As I looked back in the rear view mirror I saw a sight I’d never seen before. It was a sandy coloured snake half flattened by the tyres of our 2004 Black Volkswagon on its way to Horsham. A few moments later Heidi reveals, “I’ve decided I’m ready to have a baby”. Happiness follows.
You hold on, and hold on some more, sometimes there’s never a good time to pee. I can’t answer the phone. Voicemail: “Hello Tim, it’s Doctor Cameron here, the operation went well. The endometriosis was more advanced than I thought. I have noticed her fallopian tubes aren’t responding well. I’ll explain to all to you and Heidi when you when you come in the office”. Confusion follows.
“Check there’s no bubble, then simply dispense the fluid into your abdomen” Easy right? Wrong. The precise timing required for these injections is juxtaposed by the unpredictable effect caused by the hormones. There is nothing natural in this act of human pin-cushioning. Science follows.
Golf World, New Weekly or Harper’s Baazar? Who am I kidding, I wont be able to take in one single syllable. From behind the door and cream walls of a small ajoining room I hear the slow muffled assessment of male doctor, “Not much going on there”. Anxiety follows.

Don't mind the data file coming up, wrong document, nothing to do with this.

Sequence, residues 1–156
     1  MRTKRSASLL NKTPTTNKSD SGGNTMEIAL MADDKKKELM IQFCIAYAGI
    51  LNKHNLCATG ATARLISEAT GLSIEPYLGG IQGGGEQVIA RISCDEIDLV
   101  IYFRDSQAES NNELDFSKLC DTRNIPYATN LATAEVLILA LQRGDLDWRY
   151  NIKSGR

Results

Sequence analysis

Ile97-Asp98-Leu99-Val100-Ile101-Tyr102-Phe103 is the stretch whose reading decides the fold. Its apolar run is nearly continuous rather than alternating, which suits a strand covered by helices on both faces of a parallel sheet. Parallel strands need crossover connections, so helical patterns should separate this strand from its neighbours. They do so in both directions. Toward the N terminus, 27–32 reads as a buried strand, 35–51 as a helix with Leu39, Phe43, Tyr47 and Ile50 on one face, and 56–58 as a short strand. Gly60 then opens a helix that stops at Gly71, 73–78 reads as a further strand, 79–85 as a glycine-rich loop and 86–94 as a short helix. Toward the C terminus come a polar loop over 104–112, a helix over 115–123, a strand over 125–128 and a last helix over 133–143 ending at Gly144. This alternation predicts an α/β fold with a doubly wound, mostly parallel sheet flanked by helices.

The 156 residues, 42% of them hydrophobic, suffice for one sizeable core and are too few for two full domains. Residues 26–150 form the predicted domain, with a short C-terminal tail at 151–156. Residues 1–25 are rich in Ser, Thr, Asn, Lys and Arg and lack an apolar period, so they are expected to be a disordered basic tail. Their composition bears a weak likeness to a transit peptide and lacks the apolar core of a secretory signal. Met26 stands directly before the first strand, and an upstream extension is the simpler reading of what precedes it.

Through a Perspex booth window I am met by a pleasant woman, “Can you please confirm your name and date of birth? “… Ok just make sure you lock the door behind you and come back to the office when you’re done”. Freshly laundered towels protect red vinyl seats. There is a motivational library in both editorial and video formats, yet neither seems to alter the sterile nature of the environment. Relief follows.
Hopes are high, but hope has little effect on settling jangling nerves. Between 11am and 3pm they said they’d call. Minutes feel like eternity; the background chatter of Channels 9’s Summer of Cricket is not enough to distract a whirlwind of possibilities racing through my noggin. Why are they torturing me like this? 3:32pm. Finally, the phone rings. Heartbreak follows.
One, two, three strikes later and the chemistry is now more effective. Problem is the more eggs we get, the more pain Heidi endures. The irony is that in order to extract the eggs, the uterus needs to be conquered. The good doctor provides some solace in her post surgery note, “Great result, 5 eggs!” Hope follows.
No more needles. No more operations. Not for the next few months anyway. The gateway to our future now lies stored in a freezer somewhere on Victoria Parade. Waiting follows.